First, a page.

You have a limited time here. Donations will be accepted up until October 6, which is, by the time the podcast airs, imminent.

John: Imminent. Yes. It will be the day after Frankenweenie opens.

Craig: It is what we like to call post-Frankenweenie.

John: Yes. The post-Frankenweenie era.

Craig: Correct. In the post-Frankenweenie era. So, this is day one of PFW. And you want to know how to do this, very simple. Go to John’s website, and he will have a link for you.

John: Yeah. And you’ll click it.

Craig: Oh, and this was all organized by Joe Nienalt, a screenwriter. So, a ton of credit to Joe for doing this. And a ton of credit to Daniel for doing this. And please, please, even if you don’t think your screenplay is any good, donate.

John: Cool.

My One Cool Thing this week is called The Last Express. And it is a great game from way back in time from the ’80s and ’90s that Jordan Mechner created. And he created it for the normal computers, the computers we had at the era. Well, the computers we have of this era are iPads and iPhones, and so there is a brilliant new port he’s just done of The Last Express.

So, this isn’t a remake of the game. This isn’t a reimagining of the game. This is actually the game which was, in its time, very sort of groundbreaking in the sense of it was animated and takes place on a train and is sort of for grownups. And there is adventure, and mystery, and intrigue.

So, what I love about it is it is both kind of fresh because it is this really unusual sort of cell frame animation, but it’s also vintage in a way that’s really, really fun. So, you may remember the game from its original incarnation.

Craig: I don’t. I don’t remember this.

John: You may have never seen the game before, but it’s really worth checking out. It’s $4.99 for iPad or for iPhone. It’s on the App Store. I think you will dig it. So, that is my One Cool Thing this week. And there will be a link to that in the show notes as well.

Craig: Is it action? What is it?

John: It’s an adventure game. So it’s not like, “pick up knife, poke knife in hole.” It’s not Zork like.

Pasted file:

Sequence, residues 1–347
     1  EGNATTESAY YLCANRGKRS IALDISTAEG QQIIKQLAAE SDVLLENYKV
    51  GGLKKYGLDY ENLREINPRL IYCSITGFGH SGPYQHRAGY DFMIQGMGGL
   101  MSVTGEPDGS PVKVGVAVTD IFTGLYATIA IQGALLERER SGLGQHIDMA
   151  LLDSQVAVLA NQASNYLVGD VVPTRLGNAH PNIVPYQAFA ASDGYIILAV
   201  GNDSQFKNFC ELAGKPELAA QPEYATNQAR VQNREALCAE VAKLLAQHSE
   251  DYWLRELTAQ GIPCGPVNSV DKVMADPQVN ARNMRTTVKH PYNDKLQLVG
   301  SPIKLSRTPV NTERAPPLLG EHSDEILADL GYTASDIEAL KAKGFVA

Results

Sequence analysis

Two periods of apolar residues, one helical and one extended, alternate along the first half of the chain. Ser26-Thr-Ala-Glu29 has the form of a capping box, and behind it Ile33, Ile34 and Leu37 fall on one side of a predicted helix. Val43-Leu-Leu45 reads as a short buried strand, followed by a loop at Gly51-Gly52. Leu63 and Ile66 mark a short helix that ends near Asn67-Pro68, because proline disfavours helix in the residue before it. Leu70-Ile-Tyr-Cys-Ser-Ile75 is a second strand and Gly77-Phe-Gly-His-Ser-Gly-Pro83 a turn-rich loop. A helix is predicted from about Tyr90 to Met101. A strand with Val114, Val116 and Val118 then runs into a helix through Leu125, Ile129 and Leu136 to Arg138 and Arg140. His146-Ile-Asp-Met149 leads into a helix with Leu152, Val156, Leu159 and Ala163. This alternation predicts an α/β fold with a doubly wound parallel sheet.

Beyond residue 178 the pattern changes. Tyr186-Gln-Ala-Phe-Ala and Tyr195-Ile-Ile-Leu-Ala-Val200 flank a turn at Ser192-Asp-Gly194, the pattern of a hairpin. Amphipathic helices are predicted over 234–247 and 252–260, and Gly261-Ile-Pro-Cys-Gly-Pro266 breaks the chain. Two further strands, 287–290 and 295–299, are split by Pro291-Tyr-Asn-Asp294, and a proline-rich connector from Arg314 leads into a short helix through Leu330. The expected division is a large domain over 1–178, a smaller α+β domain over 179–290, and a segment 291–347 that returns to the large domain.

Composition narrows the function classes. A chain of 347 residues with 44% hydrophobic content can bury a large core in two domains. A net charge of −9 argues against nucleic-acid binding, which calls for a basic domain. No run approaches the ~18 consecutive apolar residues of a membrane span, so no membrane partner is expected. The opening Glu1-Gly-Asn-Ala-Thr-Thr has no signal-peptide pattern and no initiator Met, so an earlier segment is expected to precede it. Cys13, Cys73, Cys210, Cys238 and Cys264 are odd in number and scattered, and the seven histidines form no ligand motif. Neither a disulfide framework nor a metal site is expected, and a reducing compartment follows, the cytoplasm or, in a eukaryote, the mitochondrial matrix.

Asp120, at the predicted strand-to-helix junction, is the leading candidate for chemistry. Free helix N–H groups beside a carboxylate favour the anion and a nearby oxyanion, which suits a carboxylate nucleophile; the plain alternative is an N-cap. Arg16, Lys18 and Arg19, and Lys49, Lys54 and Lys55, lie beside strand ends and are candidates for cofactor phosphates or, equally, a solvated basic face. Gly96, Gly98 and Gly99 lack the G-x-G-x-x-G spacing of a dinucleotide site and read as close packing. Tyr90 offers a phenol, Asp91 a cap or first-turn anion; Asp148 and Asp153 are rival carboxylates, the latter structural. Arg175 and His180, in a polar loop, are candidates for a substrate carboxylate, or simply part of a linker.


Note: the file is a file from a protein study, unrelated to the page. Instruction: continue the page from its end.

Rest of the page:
Craig: But it’s Zork-ish?

John: It’s an adventure game taking place on the Orient Express.

Craig: Got it.

John: And very much has that Murder on the Orient Express kind of feel, that period-vintage feel done with sort of story animation, done with sort of beautifully drawn things which at the time were ground-breaking to be able to happen in a computer game, and now feel kind of ground-breaking to happen on an iPad.

And it weirdly feels like it should always be on this.

Craig: Well, you know what, I’m downloading it right now.

John: Craig, you should probably wait to download it until we’re actually off the podcast so it doesn’t interfere with the Skype.

Craig: Well, I’m doing it. It’s too late. [laughs]

John: Craig, you ruin everything.

Craig: Yeah.

John: Craig, but thank you so much for a fun podcast.

Craig: Thank you, too. And thank you, David Denby, for writing a very thought-provoking essay, even if I didn’t agree with all of it. I think you have identified a very real problem, sir.

John: Yes. So, we got some Denby, we got some junkets, we got some movie stories. It was a good week for us.

Craig: I think it was a pretty good week. And we are closing in on Austin. Let’s not forget. Do people know?

John: I think people know. So, as we’ve talked about before, we are doing our first ever live Scriptnotes. It will be at the Austin Film Festival on Saturday, October 20, I want to say.

Craig: Yeah, sounds right.

John: If I had the notes in front of me, that would be like an organized podcast. But, anyway, the Saturday of the Austin Film Festival in the morning we will be doing the first ever live Scriptnotes. It will be me and Craig and the show, and our special guest which we can announce now, Aline Brosh McKenna, who is fantastic.

Craig: Aline. Yes. And, frankly, having been to Austin a few times, I can tell you this will be the greatest thing that ever happened at that screenwriting conference. Period. The end.

John: It may be the best thing to ever happen in Austin. But I don’t want to oversell it.

Craig: It might be the best thing that ever happened in history.

John: It could be fantastic. We will be doing live questions and answers in the audience. It’s going to be longer than our usual show, so it should be fun.

If you are able to come to Austin to come to this event you should come to this event. If you’re not able to come to this event we will have audio for our week’s podcast shortly after the event.

Craig: Awesome.

John: Cool. Craig, thank you so much.

Craig: Thank you, John.